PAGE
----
Sir Hotels. A chain of hotels in Northern Europe, catering to a high end crowd.
Brief. Sir needed an entire brand: from a mission to a name to brand awareness in OOH to a website.
Approach. A five star name for a five star brand: "Sir." Each hotel in the chain was given a different "surname" based on its premium location (location makes or breaks a hotel). For example, "Sir Albert" became the name of the chain's flagship hotel near Amsterdam's Albertcuyp Market. I was responsible for the concept, name, mission statement, and all copy.
For most of a decade, I was the main writer for a hotel chain called citizenM, responsible for everything from web copy to social media profiles to developing its sub-brand of flexible workspaces to doormats (yes, doormats). More brand development: three years on Mercedes, eight years on the self-styled "world's worst hotel," my own soap mini-brand (sold in three countries), and what felt like an eternity on various international booze brands (including a stint as lead creative for the world's most iconic whiskey). Examples of projects I quite enjoyed follow.
Grand Marnier. The iconic French liqueur.
Brief. This classic had a problem: it was a little too classic. It wanted to attract a younger, international audience while not alienating its existing, older target.
Approach. The French are known for their charm (and also their rudeness, but we decided to ignore that particular stereotype). As a typically French product, Grand Marnier was positioned to crusade for charm in an increasingly charmless world. This was done through online films, OOH, POS, a website revamp, and a dynamic advertising campaign in which Grand Marnier produced ads reacting to the news in real time (in this case, "dynamic" doesn't mean "AI," it means that I wrote an ad every day live for a couple of months).
Future Crunch. An organisation educating a skeptical public on the benefits of science and tech.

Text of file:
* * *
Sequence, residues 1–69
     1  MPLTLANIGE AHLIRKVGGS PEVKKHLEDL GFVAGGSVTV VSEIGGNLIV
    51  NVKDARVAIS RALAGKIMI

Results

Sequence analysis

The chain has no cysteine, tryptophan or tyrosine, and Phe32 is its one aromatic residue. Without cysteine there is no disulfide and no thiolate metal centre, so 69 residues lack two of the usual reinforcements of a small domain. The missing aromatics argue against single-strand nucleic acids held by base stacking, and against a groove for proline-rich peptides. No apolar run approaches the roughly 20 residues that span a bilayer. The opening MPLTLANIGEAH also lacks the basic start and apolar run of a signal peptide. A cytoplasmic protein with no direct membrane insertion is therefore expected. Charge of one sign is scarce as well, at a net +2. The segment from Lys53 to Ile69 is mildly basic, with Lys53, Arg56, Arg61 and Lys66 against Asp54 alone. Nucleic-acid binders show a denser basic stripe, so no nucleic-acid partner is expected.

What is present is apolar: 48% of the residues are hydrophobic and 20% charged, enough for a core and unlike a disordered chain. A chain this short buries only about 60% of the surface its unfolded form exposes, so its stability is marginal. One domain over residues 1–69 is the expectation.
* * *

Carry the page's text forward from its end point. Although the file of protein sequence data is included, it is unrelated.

Brief. Although I did end up working with Future Crunch, this project was self-initiated. My brief to myself was: the Future Crunch newsletter is fantastic...and also very, very wordy. Why not expand the FC audience by picking a couple of its most pertinent stories and give them a more accessible presentation?
Approach. I picked a story that comes close to being evergreen: how do we know which information sources to trust? I edited the existing copy, rewrote parts, illustrated the story in 3D, created icons and an updated logo, and arranged the whole thing in a responsive webpage using Webflow. See the results by clicking on the thumbnail.
Salt of the Earth. A deo that prides itself on being made as sustainably as possible.
Brief. The original webpage was, um, less than ideal. I wanted to redesign it using sound UI principles (e.g. a "Z" shaped design, clear menus, and plenty of contrast).
Approach. From advertising college and experience with other sustainable products, I knew that preaching can be an issue for green brands. So I decided to focus on the deo's beauty credentials: you can smell sexy and do the planet a favour.
I created friendly, deliberately naive illustrations, wrote new headlines and body copy, designed UI icons, and made a new logo (based on a circle for the planet and a box, because salt crystals under a microscope are square). I also redesigned the deo bottles and rendered them in 3D. Finally, I placed the lot in a responsive layout. Click on the thumbnail to see more.